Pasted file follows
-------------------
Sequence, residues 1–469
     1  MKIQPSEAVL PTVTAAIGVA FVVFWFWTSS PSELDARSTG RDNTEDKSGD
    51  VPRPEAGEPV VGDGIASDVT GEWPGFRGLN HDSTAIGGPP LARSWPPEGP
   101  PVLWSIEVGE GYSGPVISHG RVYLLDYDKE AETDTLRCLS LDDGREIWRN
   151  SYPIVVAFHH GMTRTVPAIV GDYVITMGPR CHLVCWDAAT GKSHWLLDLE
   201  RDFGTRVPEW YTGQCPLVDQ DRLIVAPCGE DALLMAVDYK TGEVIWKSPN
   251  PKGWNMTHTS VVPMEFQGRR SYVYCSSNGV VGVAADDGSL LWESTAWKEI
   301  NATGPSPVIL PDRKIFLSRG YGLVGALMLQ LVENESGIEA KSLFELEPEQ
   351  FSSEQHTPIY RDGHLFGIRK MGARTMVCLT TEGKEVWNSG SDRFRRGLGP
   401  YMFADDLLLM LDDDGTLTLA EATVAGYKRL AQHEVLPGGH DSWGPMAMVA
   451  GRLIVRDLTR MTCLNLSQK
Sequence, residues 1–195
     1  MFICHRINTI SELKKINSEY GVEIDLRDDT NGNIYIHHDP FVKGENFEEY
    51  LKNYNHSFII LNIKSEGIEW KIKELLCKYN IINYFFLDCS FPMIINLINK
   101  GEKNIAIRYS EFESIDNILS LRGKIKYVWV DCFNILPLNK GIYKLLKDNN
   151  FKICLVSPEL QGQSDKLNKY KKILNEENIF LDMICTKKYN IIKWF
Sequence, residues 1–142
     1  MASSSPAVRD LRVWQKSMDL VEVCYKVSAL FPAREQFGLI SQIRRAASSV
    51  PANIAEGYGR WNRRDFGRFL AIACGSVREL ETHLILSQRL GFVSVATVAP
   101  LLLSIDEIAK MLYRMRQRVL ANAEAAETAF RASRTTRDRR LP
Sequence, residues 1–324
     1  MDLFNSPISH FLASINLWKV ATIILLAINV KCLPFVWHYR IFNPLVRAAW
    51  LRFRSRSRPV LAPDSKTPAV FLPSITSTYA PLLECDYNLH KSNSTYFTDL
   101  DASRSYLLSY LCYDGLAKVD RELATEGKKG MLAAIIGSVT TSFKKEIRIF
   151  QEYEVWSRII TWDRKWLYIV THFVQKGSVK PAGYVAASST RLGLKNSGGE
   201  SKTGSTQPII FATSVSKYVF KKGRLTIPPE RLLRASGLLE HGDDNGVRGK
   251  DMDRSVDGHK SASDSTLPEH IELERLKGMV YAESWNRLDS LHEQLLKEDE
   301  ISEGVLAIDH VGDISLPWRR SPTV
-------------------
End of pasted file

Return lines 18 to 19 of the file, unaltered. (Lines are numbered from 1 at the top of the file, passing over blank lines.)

     1  MASSSPAVRD LRVWQKSMDL VEVCYKVSAL FPAREQFGLI SQIRRAASSV
    51  PANIAEGYGR WNRRDFGRFL AIACGSVREL ETHLILSQRL GFVSVATVAP